Classic a Reminder That National Ties Are Unwavering
By HARVEY ARATON NY Times March 14, 2009
There were two outs in the eighth inning, two runners on, a one-run lead to protect and Luis Sojo stepped from the dugout. The pro-Venezuelan crowd erupted — “Frankie, Frankie” — as Sojo, the manager made his way to the mound. And here came Francisco Rodríguez, on March 14, in the World Baseball Classic, against the Netherlands, for a four-out, 22-pitch save, while up in Port St. Lucie the Mets’ organization gulped.
“Can you give us four outs?” the pitching coach, Roberto Espinoza, had asked Rodríguez, the man they call K-Rod, in the bullpen.
“I tell him, ‘Yeah, if you need me, I’ll be ready,’ ” Rodríguez said after going the extra inning and mile on the fastball for his country and saving a 3-1 victory at Dolphin Stadium.
Apparently, these games are serious business for some, as the United States learned again Saturday night, when it was hammered, 11-1, by Puerto Rico in a game ended by mercy rule. If that wasn’t humbling enough, consider the possibility of the United States’ being eliminated by the Netherlands on Sunday night. Mercy!
The Classic will come around only once every few years, but teams like Puerto Rico and Venezuela, and their boisterous fans, remind us that players have loyalties that are national and permanent, while most are only temporarily affiliated with their big league franchises. Even Derek Jeter wasn’t born to play for the Yankees; he was drafted into Steinbrenner’s army. The odds are that he will spend his entire career in pinstripes. But it’s possible that he won’t.
No one loves calling the Bronx his baseball home more than Jeter, but I am guessing he would deal with a hypothetical separation better than most Yankees fans.
The average Mets supporter probably wondered, “What’s up with that?” when Rodríguez, after getting the last out in a W.B.C. victory over the United States on Wednesday, said: “For some reason I feel like right now I’m at another level. Just to be able to wear a Venezuelan jersey, it’s totally different for some reason.”
Why wouldn’t he feel that way? The Angels, whose bullpen K-Rod anchored for six seasons, made a business decision not to outbid the Mets and to change closers as easily as they switched their primary civic identification from Anaheim to Los Angeles. Rodríguez will work hard for the Mets, but go tell him that Venezuela’s bid to reach the semifinals in Los Angeles next weekend doesn’t count in the grand scheme of a major leaguer’s life.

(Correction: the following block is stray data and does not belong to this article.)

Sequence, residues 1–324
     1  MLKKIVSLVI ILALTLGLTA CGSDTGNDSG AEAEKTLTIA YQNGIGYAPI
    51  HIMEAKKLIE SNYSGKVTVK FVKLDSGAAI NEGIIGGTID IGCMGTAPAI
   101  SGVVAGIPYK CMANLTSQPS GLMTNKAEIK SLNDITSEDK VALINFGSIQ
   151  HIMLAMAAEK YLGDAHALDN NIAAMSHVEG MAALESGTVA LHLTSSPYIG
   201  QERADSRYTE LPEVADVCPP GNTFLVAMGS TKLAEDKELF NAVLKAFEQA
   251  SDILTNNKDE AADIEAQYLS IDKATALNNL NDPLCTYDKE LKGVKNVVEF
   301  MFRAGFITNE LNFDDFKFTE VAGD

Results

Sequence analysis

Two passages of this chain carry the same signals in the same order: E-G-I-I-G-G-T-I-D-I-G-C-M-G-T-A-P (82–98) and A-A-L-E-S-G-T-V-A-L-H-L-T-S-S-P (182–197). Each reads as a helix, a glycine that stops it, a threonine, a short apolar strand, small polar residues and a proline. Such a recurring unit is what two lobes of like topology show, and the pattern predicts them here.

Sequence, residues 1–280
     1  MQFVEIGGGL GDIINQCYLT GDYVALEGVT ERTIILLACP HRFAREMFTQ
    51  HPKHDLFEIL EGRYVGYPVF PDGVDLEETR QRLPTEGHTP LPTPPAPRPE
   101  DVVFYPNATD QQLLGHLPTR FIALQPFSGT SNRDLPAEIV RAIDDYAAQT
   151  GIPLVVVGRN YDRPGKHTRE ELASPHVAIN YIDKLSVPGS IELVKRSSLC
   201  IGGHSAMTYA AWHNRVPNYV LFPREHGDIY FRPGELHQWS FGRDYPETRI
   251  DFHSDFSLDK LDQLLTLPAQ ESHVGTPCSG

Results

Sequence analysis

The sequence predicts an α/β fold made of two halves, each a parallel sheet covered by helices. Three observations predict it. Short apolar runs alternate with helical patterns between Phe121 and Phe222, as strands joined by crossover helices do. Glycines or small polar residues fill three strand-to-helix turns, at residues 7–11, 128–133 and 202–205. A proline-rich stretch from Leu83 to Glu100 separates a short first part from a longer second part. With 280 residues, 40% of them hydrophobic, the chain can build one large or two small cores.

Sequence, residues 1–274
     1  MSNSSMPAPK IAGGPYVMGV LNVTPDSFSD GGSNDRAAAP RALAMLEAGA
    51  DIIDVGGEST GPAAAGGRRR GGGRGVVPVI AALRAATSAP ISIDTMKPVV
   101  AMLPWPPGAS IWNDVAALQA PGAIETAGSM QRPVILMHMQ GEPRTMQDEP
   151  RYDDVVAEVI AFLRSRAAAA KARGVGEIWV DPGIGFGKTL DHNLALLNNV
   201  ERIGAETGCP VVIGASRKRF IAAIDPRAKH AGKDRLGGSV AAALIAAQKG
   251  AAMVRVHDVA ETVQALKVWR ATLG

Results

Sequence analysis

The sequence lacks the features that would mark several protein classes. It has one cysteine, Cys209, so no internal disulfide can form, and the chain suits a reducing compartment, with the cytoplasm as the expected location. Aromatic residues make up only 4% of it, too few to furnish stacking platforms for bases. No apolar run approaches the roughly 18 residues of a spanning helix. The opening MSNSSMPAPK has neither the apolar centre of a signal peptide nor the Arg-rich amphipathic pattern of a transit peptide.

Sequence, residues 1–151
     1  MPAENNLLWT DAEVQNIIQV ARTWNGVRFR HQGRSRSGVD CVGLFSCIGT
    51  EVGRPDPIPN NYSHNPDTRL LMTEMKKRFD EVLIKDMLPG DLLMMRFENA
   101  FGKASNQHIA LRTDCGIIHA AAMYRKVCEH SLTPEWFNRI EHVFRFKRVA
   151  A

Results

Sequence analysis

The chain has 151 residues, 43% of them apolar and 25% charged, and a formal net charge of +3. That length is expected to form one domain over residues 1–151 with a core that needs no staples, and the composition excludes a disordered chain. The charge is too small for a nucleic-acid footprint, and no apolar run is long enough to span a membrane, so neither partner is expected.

Nor do Big East tournament games mean much in the context of the N.C.A.A. tournament, or rate much in Nielsen’s America, but Syracuse and Connecticut summoned the will to play six overtimes at Madison Square Garden on Thursday night. Why? Because that’s what competitors do when given the chance.
I’ve heard some sports radio yakkers dismiss the Classic as a contrived exhibition, while the Yankees, who believe all global marketing of the game ought to begin and end with them, chafed when the Dominicans Robinson Canó and Dámaso Marte returned from the Classic with minor injuries. Not to minimize the investment or risk, but there is such a thing as the interest of the sport at large.
Personally, I especially enjoy seeing all the Latino ballplayers line up for countries with different cultures and traditions. Beyond the obvious associations, I am trying to create a little scorecard inside my head that I can draw on during the baseball season.
As was the case when Omar Minaya began to remake the Mets with a strong Caribbean flavor, many Americans act as if Hispanic players hail from the same place, south of Miami, the republic of Hispanica. But here at Dolphin Stadium, the Venezuelans even took sides against one of their own, Magglio Ordóñez, whose outs were cheered by his country’s fans in the United States because he is a supporter of the Venezuelan president, Hugo Chávez.
“So that’s why they boo me, they heckle me, they criticize me, because I made a personal decision,” Ordóñez said. His teammates weren’t pleased by the political intrusion, but it was another example of why lumping Hispanic players and countries is like conflating China and Japan. The common language of Spanish is no doubt a contributing factor in a way it isn’t for, say, Europeans in hockey. But American baseball has also long had an aura of insularity that has deemed other versions of the sport inauthentic, unworthy, and some of that shows up in response to the Classic.
Far from perfect, the tournament at least makes the American purists and old-school elite sit up straight on their high horse for fear of being knocked off, the way the Dominicans were by the Dutch.
If nothing else, the drubbing by Puerto Rico should have dampened America’s competitive conceit, assuming the results of the inaugural W.B.C. in 2006, won by Japan over Cuba, didn’t do the trick. Maybe it will get more people in this country to pay closer attention, the way a couple of Team USA players wistfully said they would.
Who can so easily ignore a train wreck?